A Girl At My Door Film Review

A Girl at my Door - Dohee


   A Girl At My Door, July Jung's feature debut, is a harrowing film even by Korean standards. Alcoholism, homophobia, death, child abuse and institutional corruption are but a few of the difficult topics covered in the film. Gladly, I can report, Jung's film is equally impressive even by Korean standards - a country which has consistently created some of the most vital movies of the last generation.

   The film is set in the quiet seaside town of Yeosu - despite the drunken excess of its inhabitants, the local law enforcement offices leave them to it. Indeed, recent police transfer Lee Young-nam (Bae Doo-na), eager to keep a low profile, ignores all she sees each and every day and unwinds, nightly, with copious amount of soju. It is a grim but uneventful existence.

   Young-nam's life, however, is altered for good when she intervenes upon discovering local gangster Yong-ha (Song Sae-byeok) is abusing his troubled teenage daughter Do-hee (Kim Sae-ron). Young-nam offers to provide the young girl sanctuary in her home and, from here, we see an ambiguous relationship unfold in which we're never quite sure of who needs the other the most or, equally, whose troubles are likely to sink the other first. There is darkness inside both Young-nam and Do-hee; can they each inspire one another to seek the light, or do they wander aimlessly in shadows together?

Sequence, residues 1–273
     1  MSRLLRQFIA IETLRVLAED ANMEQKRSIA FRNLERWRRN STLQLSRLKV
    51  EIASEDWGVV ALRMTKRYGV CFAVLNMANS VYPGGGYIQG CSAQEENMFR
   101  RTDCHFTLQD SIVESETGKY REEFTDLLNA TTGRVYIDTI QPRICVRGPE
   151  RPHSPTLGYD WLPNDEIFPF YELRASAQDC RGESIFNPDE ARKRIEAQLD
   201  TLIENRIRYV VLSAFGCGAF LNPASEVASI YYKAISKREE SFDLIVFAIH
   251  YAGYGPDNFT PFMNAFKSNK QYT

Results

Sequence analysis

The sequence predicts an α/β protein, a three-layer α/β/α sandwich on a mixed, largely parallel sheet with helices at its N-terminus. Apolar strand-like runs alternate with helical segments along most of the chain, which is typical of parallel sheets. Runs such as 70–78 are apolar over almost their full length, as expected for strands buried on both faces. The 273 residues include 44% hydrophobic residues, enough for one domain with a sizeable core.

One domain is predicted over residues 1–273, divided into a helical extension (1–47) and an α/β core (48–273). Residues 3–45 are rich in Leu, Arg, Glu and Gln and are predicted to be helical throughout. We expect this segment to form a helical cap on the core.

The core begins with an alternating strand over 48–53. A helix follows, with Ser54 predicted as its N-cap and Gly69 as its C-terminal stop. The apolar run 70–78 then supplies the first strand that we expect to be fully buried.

July Jang's excellent film continues the trend for independent Korean film-makers to explore the dark underbelly of the nation in a guttural and gritty fashion but, thankfully, shies clear of some of the sensationalism associated with Kim Ki-duk and his ilk.

   A Girl at my Door
is an intense yet entirely believable character study of two distressed souls who are connected by their shared need for love in a world where true affection is rare. Cruelty, says Jung's film, dehumanises us all - this is a movie of two beings trying to recapture their humanity in a society of beasts. This is an uneasy, unsettling film which is as powerful as it is essential.
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